March 04, 2015
Prescribing 2 or more antihypertensive medications to frail elderly individuals with low systolic blood pressure (SBP) increased their risk of death, according to a new study.
The researchers monitored for 2 years 1,127 nursing home residents (78.1% of whom were women) older than 80 years. Residents with systolic blood pressure (SBP) less than 130 mm Hg who took 2 or more antihypertensive medications were 81% more likely to die from cardiovascular and non-cardiovascular causes than patients without low blood pressure, according to the study. Notably, the higher all-cause mortality rate was not due to the presence of comorbidities.
Polypharmacy is also a major concern in elderly patients; participants in this study took an average of 7 drug, including 2 blood pressure medications. The researchers noted that residents with SBP less than 130 mm Hg were more often prescribed loop and potassium-sparring diuretics than residents with SBP above 130 mm Hg. However, residents with the lower SBP were less likely to receive calcium channel blockers, thiazide diuretics, and angiotensin receptor blockers.
Recently released European guidelines suggested lowering SBP to between 140 mm Hg and 150 mm Hg in individuals older than 80 years with initial SBP of at least 160 mm Hg. Additionally, in 2011, the American College of Cardiology Foundation and American Heart Association recommended maintaining SBP between 140 mm Hg and 145 mm Hg in patients older than 80 years.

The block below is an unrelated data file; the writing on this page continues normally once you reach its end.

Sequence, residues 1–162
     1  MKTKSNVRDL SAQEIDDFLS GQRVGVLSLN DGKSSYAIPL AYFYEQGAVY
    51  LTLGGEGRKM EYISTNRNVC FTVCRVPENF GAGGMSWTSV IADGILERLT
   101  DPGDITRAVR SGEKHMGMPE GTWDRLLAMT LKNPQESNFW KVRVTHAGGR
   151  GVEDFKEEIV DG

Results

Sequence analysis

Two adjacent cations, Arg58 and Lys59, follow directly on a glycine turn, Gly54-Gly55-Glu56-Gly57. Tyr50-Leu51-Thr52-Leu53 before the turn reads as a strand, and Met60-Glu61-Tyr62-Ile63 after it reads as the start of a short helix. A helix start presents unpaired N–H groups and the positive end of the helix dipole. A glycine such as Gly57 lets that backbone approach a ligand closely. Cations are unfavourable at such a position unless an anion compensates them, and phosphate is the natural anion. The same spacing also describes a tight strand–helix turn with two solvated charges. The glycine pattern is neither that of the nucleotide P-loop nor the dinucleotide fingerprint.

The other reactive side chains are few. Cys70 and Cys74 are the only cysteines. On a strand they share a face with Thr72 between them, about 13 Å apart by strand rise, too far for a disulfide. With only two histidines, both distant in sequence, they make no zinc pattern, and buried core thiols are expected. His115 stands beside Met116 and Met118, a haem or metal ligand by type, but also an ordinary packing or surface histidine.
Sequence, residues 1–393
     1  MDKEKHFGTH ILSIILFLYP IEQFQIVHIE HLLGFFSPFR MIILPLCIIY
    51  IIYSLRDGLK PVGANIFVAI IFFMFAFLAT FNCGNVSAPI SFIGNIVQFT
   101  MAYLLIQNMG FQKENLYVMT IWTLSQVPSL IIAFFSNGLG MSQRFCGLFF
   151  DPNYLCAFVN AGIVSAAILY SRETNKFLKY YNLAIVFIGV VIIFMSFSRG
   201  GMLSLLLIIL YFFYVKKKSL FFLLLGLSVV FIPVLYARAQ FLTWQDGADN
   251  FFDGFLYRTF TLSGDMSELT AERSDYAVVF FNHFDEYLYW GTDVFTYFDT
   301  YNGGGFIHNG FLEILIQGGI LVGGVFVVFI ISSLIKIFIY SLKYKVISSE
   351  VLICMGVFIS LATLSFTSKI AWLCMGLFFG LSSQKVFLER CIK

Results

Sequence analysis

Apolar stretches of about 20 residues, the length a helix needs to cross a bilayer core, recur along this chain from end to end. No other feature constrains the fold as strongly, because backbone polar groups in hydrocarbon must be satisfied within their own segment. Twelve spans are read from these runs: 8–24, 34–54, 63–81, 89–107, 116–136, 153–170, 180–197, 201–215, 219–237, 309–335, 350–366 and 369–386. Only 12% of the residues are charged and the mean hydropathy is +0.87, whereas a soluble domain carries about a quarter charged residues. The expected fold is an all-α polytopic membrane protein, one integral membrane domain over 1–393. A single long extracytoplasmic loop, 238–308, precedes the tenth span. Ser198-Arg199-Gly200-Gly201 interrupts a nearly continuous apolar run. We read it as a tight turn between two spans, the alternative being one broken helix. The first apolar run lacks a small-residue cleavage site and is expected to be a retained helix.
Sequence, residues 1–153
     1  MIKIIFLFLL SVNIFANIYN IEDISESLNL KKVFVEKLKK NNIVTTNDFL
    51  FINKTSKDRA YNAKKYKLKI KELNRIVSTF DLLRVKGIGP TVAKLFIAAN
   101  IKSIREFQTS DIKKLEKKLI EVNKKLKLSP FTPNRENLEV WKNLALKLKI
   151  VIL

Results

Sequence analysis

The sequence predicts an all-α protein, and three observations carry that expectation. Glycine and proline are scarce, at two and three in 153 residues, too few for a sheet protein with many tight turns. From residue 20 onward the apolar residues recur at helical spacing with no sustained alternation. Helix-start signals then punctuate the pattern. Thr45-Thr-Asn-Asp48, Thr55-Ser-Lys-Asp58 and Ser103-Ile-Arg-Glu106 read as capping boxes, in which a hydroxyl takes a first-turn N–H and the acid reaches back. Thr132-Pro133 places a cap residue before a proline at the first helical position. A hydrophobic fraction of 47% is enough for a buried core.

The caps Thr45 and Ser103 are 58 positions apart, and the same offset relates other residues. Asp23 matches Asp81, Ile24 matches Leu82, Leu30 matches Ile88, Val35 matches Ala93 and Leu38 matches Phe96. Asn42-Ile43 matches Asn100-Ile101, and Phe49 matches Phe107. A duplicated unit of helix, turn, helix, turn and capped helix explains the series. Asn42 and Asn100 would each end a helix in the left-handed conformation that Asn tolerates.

Despite the guidelines, controversy surrounds the treatment of frail elderly patients with low SBP, which could indicate malnutrition, heart failure, or other conditions with a poor prognosis. What should be the course of treatment when SBP drops below 130 mm Hg? Should the amount of antihypertensive medications be reduced in patients who took the drugs to battle high blood pressure?
No clear strategy exists, and clinical evidence does not identify how to best treat hypertension in the elderly, noted the researchers, who cautioned against applying treatment recommendations that are often based on studies involving younger, healthier individuals.
Health status, not age, is a better determining factor for identifying hypertensive patients at greatest risk of illness and death, noted the researchers, who suggested exercising caution when reducing SBP to between 140 mm Hg and 150 mm Hg in weak elderly patients. They said assessing comorbidities, polymedication, and frailty is a prudent approach for delivering safe and effective blood-pressure-lowering medication therapy.
The study was published online in JAMA Internal Medicine.
1. Benetos A, Labat C, Rossingnol P, et al. Treatment with multiple blood pressure medications, achieved blood pressure, and mortality in older nursing home residents. JAMA Intern Med. 2015 Feb 16.